Also, I said uneccesary bits. I said "for example" to indicate that this was one example. I find the "extra security" to be dubious, considering that in many cases that ended up just being a guy that stands at the front entrance. And I don't think babysitting services are essential either. Or at least less essential than education...

With that 50,000 you can send them to after school classes and camps where they will get several hours more English education a week, some even with a NET perhaps. Or you can put the money towards a private academy...your choice. Paying for lunch or starving a kid....not much of a choice.
But there is no starving kid. That's what you're not getting. I suggested giving assistance to those that need assisting. If the kid is starving... they're going to get assistance.
Title: Re: Korea cuts 2,500 native-English teachers at public schools
Post by: myungsup on August 28, 2014, 01:10:01 pm
Quote
...foreigners now have to compete with Korean teachers who are not only fluent in English but also willing to work harder for less money.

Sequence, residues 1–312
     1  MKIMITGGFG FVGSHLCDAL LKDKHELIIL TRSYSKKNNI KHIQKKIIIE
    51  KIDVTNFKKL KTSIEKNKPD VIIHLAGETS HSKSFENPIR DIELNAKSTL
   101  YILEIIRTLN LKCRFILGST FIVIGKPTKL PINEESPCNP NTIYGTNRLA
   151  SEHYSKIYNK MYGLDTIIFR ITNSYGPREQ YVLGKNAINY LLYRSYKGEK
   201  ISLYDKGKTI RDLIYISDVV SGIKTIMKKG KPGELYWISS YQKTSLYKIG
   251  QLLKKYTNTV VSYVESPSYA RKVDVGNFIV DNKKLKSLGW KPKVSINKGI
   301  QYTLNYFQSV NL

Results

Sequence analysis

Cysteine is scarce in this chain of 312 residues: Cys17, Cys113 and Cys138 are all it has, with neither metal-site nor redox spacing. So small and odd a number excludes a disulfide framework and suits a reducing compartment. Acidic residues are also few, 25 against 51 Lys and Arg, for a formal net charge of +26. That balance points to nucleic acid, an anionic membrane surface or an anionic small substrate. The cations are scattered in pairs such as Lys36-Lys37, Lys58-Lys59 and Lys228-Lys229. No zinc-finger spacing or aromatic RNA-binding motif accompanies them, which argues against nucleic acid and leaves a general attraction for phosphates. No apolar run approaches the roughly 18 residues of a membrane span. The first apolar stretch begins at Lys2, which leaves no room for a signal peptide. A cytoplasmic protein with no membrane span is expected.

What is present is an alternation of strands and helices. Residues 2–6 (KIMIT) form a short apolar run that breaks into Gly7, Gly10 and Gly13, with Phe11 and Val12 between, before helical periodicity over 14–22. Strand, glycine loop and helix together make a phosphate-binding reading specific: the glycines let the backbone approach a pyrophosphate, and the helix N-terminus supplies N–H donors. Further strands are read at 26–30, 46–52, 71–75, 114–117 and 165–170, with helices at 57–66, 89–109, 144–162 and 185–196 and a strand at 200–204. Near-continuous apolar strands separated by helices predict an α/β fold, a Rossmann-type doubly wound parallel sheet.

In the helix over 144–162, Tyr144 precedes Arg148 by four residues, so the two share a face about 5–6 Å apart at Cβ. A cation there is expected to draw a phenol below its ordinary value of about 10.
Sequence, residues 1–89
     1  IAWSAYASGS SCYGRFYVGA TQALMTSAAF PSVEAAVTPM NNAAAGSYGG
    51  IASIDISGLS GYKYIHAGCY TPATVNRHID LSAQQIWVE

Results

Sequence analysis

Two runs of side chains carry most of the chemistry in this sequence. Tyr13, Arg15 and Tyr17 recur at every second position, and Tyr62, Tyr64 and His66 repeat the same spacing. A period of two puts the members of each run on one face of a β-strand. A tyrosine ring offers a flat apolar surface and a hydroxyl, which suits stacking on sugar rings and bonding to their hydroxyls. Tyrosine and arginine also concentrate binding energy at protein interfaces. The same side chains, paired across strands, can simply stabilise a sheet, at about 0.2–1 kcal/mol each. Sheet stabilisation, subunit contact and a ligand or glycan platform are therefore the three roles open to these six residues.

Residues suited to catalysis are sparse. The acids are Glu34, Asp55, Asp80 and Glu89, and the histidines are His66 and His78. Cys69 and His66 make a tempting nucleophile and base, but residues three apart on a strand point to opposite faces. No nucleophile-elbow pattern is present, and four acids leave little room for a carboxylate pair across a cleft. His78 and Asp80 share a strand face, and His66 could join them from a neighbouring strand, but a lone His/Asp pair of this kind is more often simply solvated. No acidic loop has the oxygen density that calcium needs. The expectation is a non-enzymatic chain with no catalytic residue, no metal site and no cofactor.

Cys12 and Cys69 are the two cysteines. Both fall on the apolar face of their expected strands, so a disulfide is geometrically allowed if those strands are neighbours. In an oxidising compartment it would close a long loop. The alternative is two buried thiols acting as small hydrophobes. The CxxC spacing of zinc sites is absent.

Oh really?

Yeah, the thing that really gets me about this is that they seem to equate being fluent in English to having the ability to properly teach it. Every Korean teacher that I've met teaches English entirely in Korean with a few English words thrown in. They then wonder why all of the money invested in English education is doing absolutely nothing.

People try to use the argument that it's because Korean and English are so different, but I call bulls*** on that - I've met so many from China and the Middle East who speak English at a fantastic level. It's not how similar the languages are as it is the quality of instruction.

Chinese grammar is a nice blend between English and Korean grammar. I can't speak for all of the Middle East, but the grammar structure in Arabic is near identical to English.
Title: Re: Korea cuts 2,500 native-English teachers at public schools
Post by: sejongthefabulous on August 28, 2014, 01:46:18 pm
It's not fair to argue we are less important than food? Jeez you didn't think that out from a family economics perspective.

Funny you pick the most (perhaps only) controversial expansion I mentioned to target. Yes that is a huge drain, but they all add up. When I said seems fair, I had my eyes on the other things. I also don't support free lunch for all as more important to education than English teacher.
So let me get this straight:
1) You say I didn't think things out because I suggested only giving free lunches to people who can't afford lunch and that we are more important than free lunches for everyone.

but at the same time...
2) You agree with me 100% that free lunches for all is less important than having us.